Thursday, March 5, 2009

If A Tree Falls in The Forest--the Primacy of Existence

I originally published this blog Thursday, August 7, 2008. It has received popular reader support both here and at Scribd. I republish it today because of its popularity, but also because it answers a very common question with an unusual epitemological position: that the answer has nothing to do with the definition of either "sound" or of "noise."

If A Tree Falls In the Forest--the Primacy of Existence

We have all heard the question "If a tree falls in a forest and no one is there to hear it, does it still make a sound or a noise?" We have heard it ten, hundreds, or thousands or more times.What does that question have to do with the description of Metaphysical Naturalism (MN) as "A belief concerning the supernatural, sacred, or divine, and the practices and institutions associated with such belief"? [See this blog dated 09.05.2008]

MN, concerned with defining such things, and with the denial of what is non-existent, and with replacing belief in the supernatural or the lack thereof with a certainty about the natural cosmology of the universe and existence itself, has an interest in addressing "The Tree in the Forest."

Every answer I have ever read misses the essential point, which is not about "sound or sound waves being heard or not heard," nor about whether sound is different from noise. Those are the excuses of metaphysicians who will not, or cannot, face the real question, or who have no idea that another question more real exists.

The question is: Does existence exist independently of consciousness? When seen in this context, it does not matter if "sound" or "noise" is used as the definition of what happens when the tree falls; it matters whether you think things happen whether or not a consciousness is there to perceive that it happens.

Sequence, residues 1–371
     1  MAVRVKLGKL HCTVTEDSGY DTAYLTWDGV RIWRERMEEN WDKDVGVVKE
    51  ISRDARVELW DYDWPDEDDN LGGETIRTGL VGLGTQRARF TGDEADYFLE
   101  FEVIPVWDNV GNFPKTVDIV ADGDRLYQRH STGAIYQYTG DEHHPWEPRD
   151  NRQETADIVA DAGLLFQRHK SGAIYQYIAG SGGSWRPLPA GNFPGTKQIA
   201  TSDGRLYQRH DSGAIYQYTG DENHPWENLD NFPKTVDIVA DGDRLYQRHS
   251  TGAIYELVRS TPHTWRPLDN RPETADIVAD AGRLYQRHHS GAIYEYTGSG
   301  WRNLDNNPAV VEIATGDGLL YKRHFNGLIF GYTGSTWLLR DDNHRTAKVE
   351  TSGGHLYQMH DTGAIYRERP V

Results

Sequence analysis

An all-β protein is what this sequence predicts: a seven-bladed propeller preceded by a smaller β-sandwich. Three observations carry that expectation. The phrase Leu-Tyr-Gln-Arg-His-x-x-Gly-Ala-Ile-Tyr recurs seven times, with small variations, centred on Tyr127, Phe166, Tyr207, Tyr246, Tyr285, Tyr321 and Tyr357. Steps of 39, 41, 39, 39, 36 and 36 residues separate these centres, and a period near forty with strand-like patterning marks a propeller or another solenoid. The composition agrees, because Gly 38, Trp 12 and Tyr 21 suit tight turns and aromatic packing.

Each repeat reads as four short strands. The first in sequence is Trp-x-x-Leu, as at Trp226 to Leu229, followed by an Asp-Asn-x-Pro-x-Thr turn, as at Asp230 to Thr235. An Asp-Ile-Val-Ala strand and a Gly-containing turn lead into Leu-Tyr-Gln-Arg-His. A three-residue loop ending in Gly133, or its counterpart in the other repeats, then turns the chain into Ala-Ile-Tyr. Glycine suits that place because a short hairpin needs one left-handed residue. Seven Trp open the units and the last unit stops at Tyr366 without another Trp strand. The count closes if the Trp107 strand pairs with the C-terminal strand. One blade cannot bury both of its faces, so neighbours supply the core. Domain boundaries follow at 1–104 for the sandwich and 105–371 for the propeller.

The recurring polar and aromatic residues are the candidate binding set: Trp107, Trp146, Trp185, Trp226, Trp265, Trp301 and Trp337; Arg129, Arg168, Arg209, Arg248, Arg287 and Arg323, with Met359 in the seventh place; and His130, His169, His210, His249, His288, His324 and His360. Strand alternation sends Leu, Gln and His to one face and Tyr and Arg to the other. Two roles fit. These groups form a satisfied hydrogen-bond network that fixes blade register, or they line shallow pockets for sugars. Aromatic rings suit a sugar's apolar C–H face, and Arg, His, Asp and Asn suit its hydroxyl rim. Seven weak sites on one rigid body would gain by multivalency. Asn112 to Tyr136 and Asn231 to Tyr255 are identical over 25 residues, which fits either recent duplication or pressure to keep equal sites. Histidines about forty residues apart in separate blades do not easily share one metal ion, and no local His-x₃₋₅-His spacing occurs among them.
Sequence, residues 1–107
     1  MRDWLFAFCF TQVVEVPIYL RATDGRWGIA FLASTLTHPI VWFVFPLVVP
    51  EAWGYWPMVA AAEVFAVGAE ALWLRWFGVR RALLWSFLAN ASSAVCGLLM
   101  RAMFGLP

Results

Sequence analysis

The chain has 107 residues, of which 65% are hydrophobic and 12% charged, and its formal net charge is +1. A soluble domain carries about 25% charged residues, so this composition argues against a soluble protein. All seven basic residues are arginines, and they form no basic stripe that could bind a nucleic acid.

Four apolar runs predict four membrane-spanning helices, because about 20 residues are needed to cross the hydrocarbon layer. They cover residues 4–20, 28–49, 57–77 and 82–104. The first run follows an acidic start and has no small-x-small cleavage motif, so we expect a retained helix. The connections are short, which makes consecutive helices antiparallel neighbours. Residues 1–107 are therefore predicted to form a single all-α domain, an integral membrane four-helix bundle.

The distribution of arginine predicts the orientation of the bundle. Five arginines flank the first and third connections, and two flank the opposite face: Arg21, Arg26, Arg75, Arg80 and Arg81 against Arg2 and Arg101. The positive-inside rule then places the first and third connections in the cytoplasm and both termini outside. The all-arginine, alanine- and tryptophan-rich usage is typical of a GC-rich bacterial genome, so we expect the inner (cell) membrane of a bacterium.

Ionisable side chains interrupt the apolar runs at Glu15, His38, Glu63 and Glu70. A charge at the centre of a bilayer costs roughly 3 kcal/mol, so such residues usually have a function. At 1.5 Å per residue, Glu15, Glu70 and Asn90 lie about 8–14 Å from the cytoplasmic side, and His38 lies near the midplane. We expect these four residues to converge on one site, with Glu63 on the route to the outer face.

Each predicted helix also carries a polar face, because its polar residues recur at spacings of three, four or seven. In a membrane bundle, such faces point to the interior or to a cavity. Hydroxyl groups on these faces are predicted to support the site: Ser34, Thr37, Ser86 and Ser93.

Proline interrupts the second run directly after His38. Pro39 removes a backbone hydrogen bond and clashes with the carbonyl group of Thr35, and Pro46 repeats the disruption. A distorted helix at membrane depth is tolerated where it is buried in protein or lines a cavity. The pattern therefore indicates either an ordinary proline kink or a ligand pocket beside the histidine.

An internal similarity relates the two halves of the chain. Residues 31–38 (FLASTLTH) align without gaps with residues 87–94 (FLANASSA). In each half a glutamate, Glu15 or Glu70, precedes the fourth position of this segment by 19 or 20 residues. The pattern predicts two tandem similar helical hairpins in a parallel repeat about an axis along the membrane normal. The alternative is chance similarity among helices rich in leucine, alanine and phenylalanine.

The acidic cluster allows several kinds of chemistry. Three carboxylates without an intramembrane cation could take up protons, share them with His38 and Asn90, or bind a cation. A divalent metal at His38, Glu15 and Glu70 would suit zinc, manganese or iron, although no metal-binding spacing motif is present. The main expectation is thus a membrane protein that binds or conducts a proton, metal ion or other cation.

The belief that reality requires a consciousness is gaining in prevalence. It has been a staple of some eastern philosophies for thousands of years. Some western philosophers have advanced the idea. Many young students facing philosophy for the first time have serious existential questions about their own existence. That makes a shameful indictment of how far our "intellectual" standards have plunged since Renaissance scholars brought Jefferson and America's other Founders to an understanding of men's unalienable individual sovereignty. Those modern men and women who doubt their own existence have fallen backward in time 500 years, and can have no conception about their unalienable sovereignty, except what they are lucky enough to glean from between the lines of their teachers words, teachers who tell them their "rights" include all those things which must be provided by other men when they themselves fail to provide it--like health care.

(Deregulation of the health-care industry and extended patent lengths on pharmacuticals would considerably alter the high cost of care and drugs. But that is better left for another blog or two or three.)

To believe that consciousness gives reality to reality, e.g., that "perception is reality," is fallacious logic called the Primacy of Consciousness. (The Primacy of Perception is also a fallacy. ["...perception [as] the causal product of atomic sensations," again e.g., "perception is reality."

The Primacy of Existence states that existence exists. et al.

Existence exists. Period. There can be no requirement for the conscious perception of a "thing" to make that "thing" real. In this case the thing is whether or not a noise or a sound is generated.

If A Tree Falls, Does It Make a Sound?--the Primacy of Existence continued

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